A new USDA grant will finance the use of crop insurance data to improve education, extension efforts that help ranchers and farmers assess how extreme weather and climate disruptions have caused production losses and project future losses.
The five-year $1.5million grant has been awarded to the National Center for Appropriate Technology with Montana State University (MSU), and the University of California, Davis with the University of California, Davis with the purpose of collaborating with the USDA Southwest Climate Hubs.
In 2020, insured crop losses of $2.6 million were suffered by the Southwest and Northern Plains Climate Hubs farmers and ranchers. These farmers and ranchers spent $1.8 billion on this coverage (USDA RMA 2021).
Although most of the insured losses in these two areas can be attributed to extreme weather, long-term trends for loss are increasing due to a changing climate.
“This project will utilize a diverse team, including climate hub personnel, extension faculty, agricultural economists, graduate students, and two climate hub fellows to develop and implement improved extension materials for communicating these growing risks associated with extreme weather and climate change,” Dr. Eric Belasco, professor of Agricultural Economics at Montana State University and co-project director says.
This is part of a new collaboration between the USDA Climate Hubs. This partnership, which covers two large areas of the U.S., further expands the outreach efforts of the Climate Hubs to reach organizations like the Cooperative Extension Service that have to address climate and extreme weather challenges.
“We at the Southwest Climate Hub have built producer-friendly tools such as the AgRisk Viewer that can help assess weather and climate risks, and this project will help expand and improve the use of this and other tools that serve the farmers and ranchers of the Southwest,” Dr. Emile Elias, director of the USDA Southwest Climate Hub adds.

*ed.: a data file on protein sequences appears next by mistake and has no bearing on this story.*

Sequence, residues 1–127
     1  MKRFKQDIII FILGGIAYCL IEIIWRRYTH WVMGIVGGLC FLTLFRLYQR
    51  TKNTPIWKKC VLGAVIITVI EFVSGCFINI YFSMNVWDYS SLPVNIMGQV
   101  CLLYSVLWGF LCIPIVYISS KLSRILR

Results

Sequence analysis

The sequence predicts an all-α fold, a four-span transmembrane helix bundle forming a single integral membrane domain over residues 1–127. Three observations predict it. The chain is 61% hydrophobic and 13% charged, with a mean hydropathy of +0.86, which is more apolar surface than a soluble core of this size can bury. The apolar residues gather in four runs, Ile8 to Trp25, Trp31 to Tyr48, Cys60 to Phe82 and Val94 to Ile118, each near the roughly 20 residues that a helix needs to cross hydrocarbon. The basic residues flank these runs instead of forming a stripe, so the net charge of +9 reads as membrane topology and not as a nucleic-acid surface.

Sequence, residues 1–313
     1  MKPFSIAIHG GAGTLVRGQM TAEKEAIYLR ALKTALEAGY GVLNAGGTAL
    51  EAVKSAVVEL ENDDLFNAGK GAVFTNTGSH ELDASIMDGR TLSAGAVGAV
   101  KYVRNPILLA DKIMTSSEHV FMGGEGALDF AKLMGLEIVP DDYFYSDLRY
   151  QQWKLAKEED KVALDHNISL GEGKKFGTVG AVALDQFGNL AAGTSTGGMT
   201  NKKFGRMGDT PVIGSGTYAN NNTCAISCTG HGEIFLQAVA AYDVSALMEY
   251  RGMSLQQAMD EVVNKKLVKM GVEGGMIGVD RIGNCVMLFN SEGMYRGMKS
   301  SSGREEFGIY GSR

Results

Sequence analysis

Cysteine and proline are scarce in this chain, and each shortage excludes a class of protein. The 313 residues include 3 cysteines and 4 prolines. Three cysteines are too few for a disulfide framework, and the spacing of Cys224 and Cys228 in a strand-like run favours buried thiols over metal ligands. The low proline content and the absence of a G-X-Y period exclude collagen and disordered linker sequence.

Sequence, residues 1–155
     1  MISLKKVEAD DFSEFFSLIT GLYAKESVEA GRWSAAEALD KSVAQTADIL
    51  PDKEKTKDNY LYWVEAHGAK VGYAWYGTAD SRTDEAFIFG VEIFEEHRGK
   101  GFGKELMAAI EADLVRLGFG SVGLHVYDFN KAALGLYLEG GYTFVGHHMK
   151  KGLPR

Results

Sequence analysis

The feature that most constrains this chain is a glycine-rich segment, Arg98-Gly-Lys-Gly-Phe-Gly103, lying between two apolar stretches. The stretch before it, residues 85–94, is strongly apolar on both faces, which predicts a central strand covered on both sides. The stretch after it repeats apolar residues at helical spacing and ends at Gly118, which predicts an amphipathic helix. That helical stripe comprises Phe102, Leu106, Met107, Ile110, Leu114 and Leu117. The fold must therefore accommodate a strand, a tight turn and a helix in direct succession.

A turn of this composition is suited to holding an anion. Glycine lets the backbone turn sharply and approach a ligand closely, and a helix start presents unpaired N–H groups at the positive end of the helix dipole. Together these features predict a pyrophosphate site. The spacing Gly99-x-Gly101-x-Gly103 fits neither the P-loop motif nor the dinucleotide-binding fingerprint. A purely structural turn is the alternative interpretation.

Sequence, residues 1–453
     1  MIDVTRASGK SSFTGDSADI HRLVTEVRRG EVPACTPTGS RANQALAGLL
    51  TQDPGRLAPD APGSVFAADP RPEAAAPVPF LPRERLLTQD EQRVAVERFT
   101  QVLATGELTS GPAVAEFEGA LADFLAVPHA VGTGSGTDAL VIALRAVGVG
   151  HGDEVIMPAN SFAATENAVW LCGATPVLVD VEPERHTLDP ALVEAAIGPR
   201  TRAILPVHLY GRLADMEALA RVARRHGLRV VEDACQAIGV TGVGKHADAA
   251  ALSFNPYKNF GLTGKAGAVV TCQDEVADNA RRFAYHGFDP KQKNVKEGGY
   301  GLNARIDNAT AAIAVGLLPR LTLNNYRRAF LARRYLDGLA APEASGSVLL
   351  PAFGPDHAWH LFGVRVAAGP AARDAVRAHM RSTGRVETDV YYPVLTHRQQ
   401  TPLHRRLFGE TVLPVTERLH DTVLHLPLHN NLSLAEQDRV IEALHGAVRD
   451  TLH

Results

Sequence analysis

This work is key in understanding the climate-risk assessment information farmers and ranchers need.
“We will begin our efforts by hosting a number of focus group sessions that target the broad range of farmers and ranchers, including socially disadvantaged and minority producers and the educational institutions that serve them,” NCAT agricultural and natural resource economist Jeff Schahczenski says. “It is critical to listen to the needs of farmers and ranchers on how best to meet the challenges of future extreme weather and climate risks.”
Crop Insurance and Data
MSU, NCAT, and UC-Davis have collaborated on several efforts to better understand the complexity of federal crop insurance products and why these products aren’t widely used by farmers and ranchers across the country.
“For example, the expanding use of a unique kind of insurance called the Pasture, Rangeland and Forage Rainfall Index (PRF) has been an increasingly important product for livestock producers,” said Dr. Tina Saitone, Associate Cooperative Extensions Specialist, with UC-Davis and rangeland systems expert. “This ‘index’ insurance insures against forage losses based on a complicated formula related to independent rainfall-index measurements, and it is not simple to understand how best to optimize its use in livestock-production risks.”
The data from crop-insurance losses will be used to assist producers in understanding the trends in weather-related losses and to assess how changes in production practices may better mitigate future losses.
“Our overarching approach and philosophy is that there is no silver bullet to managing risk in production systems, especially risks associated with climate variability,” Belasco said. “Instead, we take a risk management portfolio approach, with the goal of providing clear and detailed information for farmers, ranchers, and professionals so they can better address the regional risks that they currently face and are predicted to face in the future.”
USDA’s Climate Hubs represent a unique collaboration between all agencies.
They are led and hosted by the Agricultural Research Service and Forest Service located at ten regional locations, with contributions from many agencies including the Natural Resources Conservation Service, Farm Service Agency, Animal and Plant Health Inspection Service, and the Risk Management Agency.
The Climate Hubs link USDA research and program agencies in their regional delivery of timely and authoritative tools and information to agricultural producers and professionals.
Source: Successful Farming